Baghdad is preparing for its upcoming film festival this month, with hopes it will be an improvement over last year’s disaster.
Forty-five narrative, short and documentary films were meant to be screened during the Baghdad Arab Cultural Capital festival of 2013, but by the end of the festival, only one was screened. The only narrative film that saw the light was “Baghdad, a Pink Dream” by director Faisal al-Yassiri, only to be withdrawn after the first screening in January 2014.
Opinions about the reason behind the withdrawal differed greatly. Some said that the movie glorified the era of Saddam Hussein, while others believed it was not up to standard. The speculated reasons were many, but the public and critics were not even given a chance to form an opinion.
Disputes in the Iraqi cultural backstage intensified, some of which were made public by the media. It was said that the majority of the movies were too subpar to be screened, and that the activities organized for the festival proved to be a mere joke, on which $500 million was spent.
The resignation of one of the festival’s film jurors flared up the dispute even more. Fares Tohme al-Tamimi decided to resign, protesting the low quality of these films and affirming that the majority of them were not good enough to be screened.
Tamimi accused then-Minister of Culture Saadoun al-Dulaimi of unprofessionalism in dealing with the subject. Subsequently, the issue became a hot topic for the media, with different outlets leveling accusations of corruption and irresponsibility against the Ministry of Culture. This raised concern among artistic and cultural circles, amid the eerie silence of the Ministry of Culture and its decision not to comment.
Ahmad Abdel Hussein is the editor-in-chief of al-Qurtas news website, which published documents that allegedly exposed the corruption of the festival.
During a phone interview with Al-Monitor, he said that the documents published on his website were issued by the ministry in limited numbers to be shared in the media. The ministry believed that by doing so it would disprove accusations of impropriety about its expenditures. However, the documents condemned the ministry, as the expenditures proved to be illogical and raised suspicions of corruption.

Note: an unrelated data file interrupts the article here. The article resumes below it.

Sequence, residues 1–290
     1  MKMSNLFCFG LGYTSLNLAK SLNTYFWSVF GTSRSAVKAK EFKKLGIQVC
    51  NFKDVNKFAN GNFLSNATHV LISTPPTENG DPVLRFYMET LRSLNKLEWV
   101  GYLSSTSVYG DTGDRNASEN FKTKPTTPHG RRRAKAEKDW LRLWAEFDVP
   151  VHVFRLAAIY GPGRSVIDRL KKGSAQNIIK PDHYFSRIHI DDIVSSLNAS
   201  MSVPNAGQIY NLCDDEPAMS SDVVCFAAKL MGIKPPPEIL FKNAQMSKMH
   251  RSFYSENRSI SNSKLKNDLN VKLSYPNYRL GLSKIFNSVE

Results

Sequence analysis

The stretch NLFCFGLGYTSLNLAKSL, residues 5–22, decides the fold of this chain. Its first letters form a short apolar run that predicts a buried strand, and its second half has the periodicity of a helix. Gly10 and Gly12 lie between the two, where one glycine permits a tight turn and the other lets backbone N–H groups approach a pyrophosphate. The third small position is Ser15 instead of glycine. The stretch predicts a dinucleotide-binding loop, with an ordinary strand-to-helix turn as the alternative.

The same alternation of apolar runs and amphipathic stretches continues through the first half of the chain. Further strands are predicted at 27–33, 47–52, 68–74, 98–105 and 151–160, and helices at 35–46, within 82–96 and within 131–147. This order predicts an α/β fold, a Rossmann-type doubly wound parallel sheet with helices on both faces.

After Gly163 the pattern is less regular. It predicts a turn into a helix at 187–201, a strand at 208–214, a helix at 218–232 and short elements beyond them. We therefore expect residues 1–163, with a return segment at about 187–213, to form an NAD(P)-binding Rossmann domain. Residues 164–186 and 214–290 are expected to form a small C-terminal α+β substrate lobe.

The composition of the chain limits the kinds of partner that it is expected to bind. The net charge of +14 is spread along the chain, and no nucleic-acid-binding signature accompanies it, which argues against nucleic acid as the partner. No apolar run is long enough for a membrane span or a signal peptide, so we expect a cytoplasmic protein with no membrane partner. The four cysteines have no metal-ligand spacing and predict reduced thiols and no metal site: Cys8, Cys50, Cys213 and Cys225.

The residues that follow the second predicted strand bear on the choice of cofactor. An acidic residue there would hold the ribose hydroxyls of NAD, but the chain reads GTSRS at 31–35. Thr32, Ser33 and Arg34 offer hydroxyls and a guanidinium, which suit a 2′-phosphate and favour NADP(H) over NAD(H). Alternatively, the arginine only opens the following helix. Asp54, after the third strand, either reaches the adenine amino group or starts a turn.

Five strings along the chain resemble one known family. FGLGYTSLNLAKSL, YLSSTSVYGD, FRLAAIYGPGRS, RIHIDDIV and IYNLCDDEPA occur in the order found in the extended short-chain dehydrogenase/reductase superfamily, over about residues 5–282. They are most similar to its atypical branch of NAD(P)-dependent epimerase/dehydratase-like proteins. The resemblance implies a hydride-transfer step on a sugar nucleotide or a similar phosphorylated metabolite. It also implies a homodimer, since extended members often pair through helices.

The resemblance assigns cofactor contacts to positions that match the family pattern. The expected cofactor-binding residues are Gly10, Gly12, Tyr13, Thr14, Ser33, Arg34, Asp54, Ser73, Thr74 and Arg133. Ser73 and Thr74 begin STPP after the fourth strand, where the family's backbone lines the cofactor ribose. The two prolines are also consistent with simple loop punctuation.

“Large amounts were spent on undeserving activities, and some expenditures were unjustified or nonexistent. [Some activities were not up to festival standards], such as ‘Baghdad, a Pink Dream,’ which was no better than a 1970s soap opera,” Abdel Hussein told Al-Monitor.
Akil al-Mandalawi, director-general of the Public Cultural Relations Department in the Ministry of Culture said the Cinema and Theater Department, affiliated with the Ministry of Culture, was responsible for screening the movies. In a phone interview, he told Al-Monitor that three months ago, he raised the issue of the films with the ministry’s adjudicating committee. Accordingly, a decision was issued with the approval of former Minister Dulaimi, compelling the Cinema and Theater Department to screen the finalized movies. However, the department did not respond.
Nawfal Abu Raghib, director-general of the Cinema and Theater Department, referred the issue once again to the Ministry of Culture, acquitting his department from any responsibility for these movies. He told Al-Monitor that the department provides artistic opinion and was not responsible for any legal or administrative consequences. He also stressed that the “department is not responsible for choosing, giving permits to, or referring the movies or for their financial contracts. This responsibility is that of the Ministry of Culture, which referred these movies in a symbolic gesture [to the department] directly through the bureau of the minister.”
It seems that what was being discussed in the media about the low quality of the films had some truth to it. Abu Raghif affirmed that his department filed requests to reconsider some of the films. The Ministry of Culture’s High Commission, which comprises the minister and the cultural adviser, refused all the requests, saying that it was too late to make changes. This is why, according to Abu Raghif, the quality of the films plummeted, holding the ministerial committees that referred the movies and the directors themselves responsible for this.
However, how could the level be improved if the movies were not screened? It seems that no ministerial body was able to answer this question. Abu Raghif explained the issue differently than the way the media tackled it, saying that the view proposing that these films should have been screened is wrong. “These films were referred during the festival and there was no decision to screen them during the festival. The production of the films takes place according to the period of time stipulated in the contracts,” he said.
If this is true, the ambiguity surrounding these films and their fate is clear. However, this does not explain why the finalized movies have yet to be screened, especially since the Iraqi audience had been eager to watch them after all the buzz.
“Finalizing and screening these movies is not the most important thing,” Abu Raghif said. “What is more important is for Iraq and the Ministry of Culture to find a chance to participate in international festivals, knowing that the ministry and the Cinema and Theatre Department did not receive any request from any [international] festival to screen these movies.”
Abu Raghif said that no less than four narrative movies will be screened during the Baghdad International Film Festival in October. Amid this ambiguity, the Iraqi audience is hoping that these four films, if they are screened, will be of remarkable artistic quality that will compensate for the frustration of the long wait.